With the draft Act on Offshore Renewable Energy Production, submitted to the Norwegian Parliament (Stortinget) in June 2009, the Government takes an important first step in facilitating offshore renewable energy production. The Act is intended to provide a unified legal framework for the construction and operation of facilities for offshore power production from renewable energy resources in Norwegian territorial waters and on and above the Norwegian Continental Shelf.
According to a study prepared for Enova, the Norwegian state enterprise set up to promote renewable energy consumption and production, Norwegian territorial waters and the Norwegian continental shelf hold an untapped technical potential for offshore wind power of a staggering 14 000 TWh/y (almost 14 times the energy value of annual Norwegian gas export). Norwegian offshore renewable energy production has hitherto been limited to experimental production and testing of prototypes. The limited development is mainly due to the high cost of offshore renewable energy production compared to land based hydro electric production as well as production from land based wind turbines. Another factor is the currently fragmented and rudimentary legal framework for such activities. The draft Act on Offshore Renewable Energy Production seeks to mend the legislative problem.
A flexible and non discriminatory regime
Apparently inspired by Norway's successful license regime for offshore petroleum production, the draft Act requires a government license for the construction and operation of facilities for offshore power production, as well as for related facilities for transformation and transmission.
The extent and nature of future development of offshore energy production depend on a number of yet unknown factors and circumstances. Thus, the draft Act aims to provide an overall framework with central principles, allowing for more detailed regulation in secondary legislation (regulations). The draft Act does not distinguish between different renewable technologies; offshore wind, wave and current power, as well as other possible renewable technologies, are encompassed.
The draft Act establishes procedures for the opening of offshore areas for power production and for the award of production licenses and transmission licenses. The license regime does not discriminate between public and private entities, or between Norwegian entities and entities established and registered in EEA agreement member states. Detailed requirements and conditions for the awarding of licenses will be established by regulations. Licenses may be granted for a period of up to 30 years from commissioning of the facilities, with a possibility for a subsequent extension of the license period.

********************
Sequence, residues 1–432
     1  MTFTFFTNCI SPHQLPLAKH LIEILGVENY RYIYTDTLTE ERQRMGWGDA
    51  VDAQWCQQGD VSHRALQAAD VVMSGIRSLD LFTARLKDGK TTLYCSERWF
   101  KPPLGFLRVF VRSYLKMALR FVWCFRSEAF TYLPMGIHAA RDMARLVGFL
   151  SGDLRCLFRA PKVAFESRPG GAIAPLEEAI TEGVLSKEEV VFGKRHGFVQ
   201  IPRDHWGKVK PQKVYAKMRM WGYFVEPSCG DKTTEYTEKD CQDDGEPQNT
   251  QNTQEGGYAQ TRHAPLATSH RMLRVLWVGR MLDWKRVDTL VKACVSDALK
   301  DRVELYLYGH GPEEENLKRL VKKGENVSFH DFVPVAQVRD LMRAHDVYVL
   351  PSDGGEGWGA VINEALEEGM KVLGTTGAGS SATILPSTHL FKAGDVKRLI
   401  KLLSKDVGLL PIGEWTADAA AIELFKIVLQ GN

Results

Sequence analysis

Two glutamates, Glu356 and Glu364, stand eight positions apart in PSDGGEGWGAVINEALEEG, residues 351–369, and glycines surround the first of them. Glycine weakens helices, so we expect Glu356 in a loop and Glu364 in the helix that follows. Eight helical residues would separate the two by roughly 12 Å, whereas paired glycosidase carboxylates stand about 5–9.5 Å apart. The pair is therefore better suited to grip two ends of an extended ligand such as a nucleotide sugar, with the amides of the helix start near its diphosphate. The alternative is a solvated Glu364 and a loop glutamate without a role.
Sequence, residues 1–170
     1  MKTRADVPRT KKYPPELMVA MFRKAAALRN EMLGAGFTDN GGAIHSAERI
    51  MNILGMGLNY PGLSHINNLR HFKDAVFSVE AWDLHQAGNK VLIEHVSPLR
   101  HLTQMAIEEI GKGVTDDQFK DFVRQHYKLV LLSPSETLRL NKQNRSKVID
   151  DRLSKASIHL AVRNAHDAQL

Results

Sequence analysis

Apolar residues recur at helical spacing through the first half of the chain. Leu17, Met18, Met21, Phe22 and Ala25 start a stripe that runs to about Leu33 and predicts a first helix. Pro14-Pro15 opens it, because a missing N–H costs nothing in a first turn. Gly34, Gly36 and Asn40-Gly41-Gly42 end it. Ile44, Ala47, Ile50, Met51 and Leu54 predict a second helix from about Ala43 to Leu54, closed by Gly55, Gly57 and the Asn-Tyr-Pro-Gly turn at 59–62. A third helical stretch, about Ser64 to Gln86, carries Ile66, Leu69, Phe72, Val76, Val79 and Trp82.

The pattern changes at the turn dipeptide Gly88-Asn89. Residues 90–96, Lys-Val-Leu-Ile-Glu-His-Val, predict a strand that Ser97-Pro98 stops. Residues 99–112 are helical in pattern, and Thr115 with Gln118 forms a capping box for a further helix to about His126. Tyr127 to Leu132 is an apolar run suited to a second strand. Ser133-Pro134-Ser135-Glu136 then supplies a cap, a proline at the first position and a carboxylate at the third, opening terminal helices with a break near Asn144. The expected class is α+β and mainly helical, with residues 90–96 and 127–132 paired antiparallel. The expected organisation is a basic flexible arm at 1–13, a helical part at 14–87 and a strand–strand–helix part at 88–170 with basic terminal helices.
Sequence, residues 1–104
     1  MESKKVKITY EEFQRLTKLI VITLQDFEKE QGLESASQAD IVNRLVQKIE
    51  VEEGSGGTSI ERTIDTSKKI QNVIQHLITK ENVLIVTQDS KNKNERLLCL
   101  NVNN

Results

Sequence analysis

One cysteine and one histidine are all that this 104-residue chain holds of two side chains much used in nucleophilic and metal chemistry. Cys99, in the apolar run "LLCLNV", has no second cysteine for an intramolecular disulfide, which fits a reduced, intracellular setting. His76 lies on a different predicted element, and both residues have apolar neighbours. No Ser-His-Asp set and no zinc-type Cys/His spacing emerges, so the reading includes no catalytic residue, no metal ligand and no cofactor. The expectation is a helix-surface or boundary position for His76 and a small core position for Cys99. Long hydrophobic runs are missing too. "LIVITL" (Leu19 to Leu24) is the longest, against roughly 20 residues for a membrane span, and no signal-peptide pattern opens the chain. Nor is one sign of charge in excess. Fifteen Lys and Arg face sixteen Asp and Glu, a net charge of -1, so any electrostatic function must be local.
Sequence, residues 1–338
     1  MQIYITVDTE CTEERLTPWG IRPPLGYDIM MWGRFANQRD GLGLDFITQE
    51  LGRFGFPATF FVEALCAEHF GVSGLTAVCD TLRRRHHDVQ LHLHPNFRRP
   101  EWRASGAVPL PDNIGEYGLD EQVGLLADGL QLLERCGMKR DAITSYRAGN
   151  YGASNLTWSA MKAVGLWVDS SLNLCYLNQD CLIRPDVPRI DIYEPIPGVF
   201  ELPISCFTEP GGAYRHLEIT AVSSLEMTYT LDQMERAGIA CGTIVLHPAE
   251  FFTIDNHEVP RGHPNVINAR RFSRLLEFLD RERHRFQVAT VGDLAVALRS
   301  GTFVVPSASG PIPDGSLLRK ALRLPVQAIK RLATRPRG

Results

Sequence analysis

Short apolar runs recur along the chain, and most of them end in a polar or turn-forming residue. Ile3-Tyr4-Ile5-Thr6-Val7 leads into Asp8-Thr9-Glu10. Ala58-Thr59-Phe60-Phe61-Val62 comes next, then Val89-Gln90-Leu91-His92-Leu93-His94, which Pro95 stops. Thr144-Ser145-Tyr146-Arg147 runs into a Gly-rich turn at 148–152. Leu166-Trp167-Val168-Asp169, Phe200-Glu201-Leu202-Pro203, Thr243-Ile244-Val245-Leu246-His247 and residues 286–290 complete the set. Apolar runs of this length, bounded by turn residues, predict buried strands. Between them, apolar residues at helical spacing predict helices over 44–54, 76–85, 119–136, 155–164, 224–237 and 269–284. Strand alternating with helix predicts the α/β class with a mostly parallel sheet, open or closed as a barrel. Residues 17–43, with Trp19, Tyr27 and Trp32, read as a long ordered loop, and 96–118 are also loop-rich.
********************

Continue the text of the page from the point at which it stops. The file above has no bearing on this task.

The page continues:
Protecting the environment and third parties
The draft Act provides for developer to conduct extensive impact assessments according to detailed impact assessment procedures divided into two stages. First, before new areas can be made available for offshore power production, the authorities must ensure a strategic assessment of environmental and social impacts of renewable power production in the relevant area, including its effects on other users, such as shipping and fisheries. Developers must also conduct a specific impact assessment before applying for a license or as part of the detailed plan for development and operation of facilities. Before an impact assessment can be approved by the government, the developer must submit its impact assessment program to the relevant authorities for public consultation and approval.
The draft Act addresses the potential negative effect of offshore renewable power production on fisheries in particular detail. To the extent that activities pursuant to the Act take place in a fishing ground and thus fully or partially obstruct fishing activities, the state must provide compensation to adversely affected parties. A licensee, on the other hand, will only be liable for loss due to its obstruction of fishing activities to the extent the loss could have been limited or prevented by appropriate mitigation measures. However, a licensee will be strictly liable for damage caused by pollution or waste from its activities, according to the draft Act, regardless of fault. The liability also includes costs related to reasonable measures to avert or limit such damage or loss. Claims for compensation will be resolved by a committee to be established by the Ministry of Petroleum and Energy.
Finally, the draft Act establishes additional provisions on a number of issues: safety and safety zones around facilities, decommissioning and removal of facilities, appointment of a transmission system operator, area fee to be paid to the state, financial guarantee for obligations and liability in connection with activities under the Act, supervision by relevant authorities, administrative sanctions for violations of the Act, and provisions on the Ministry's right to revoke a license if it was awarded based on incorrect or incomplete information or for material breach of the Act, relevant regulations under the Act or conditions stipulated in the license.
Remaining challenges for offshore hydropower
A legislative framework is only one step towards full scale offshore energy production from renewable resources. With the technology currently available, offshore energy production is not commercially viable. Consequently, the state must also create a sensible and efficient support or subsidy system to stimulate development of renewable energy production.
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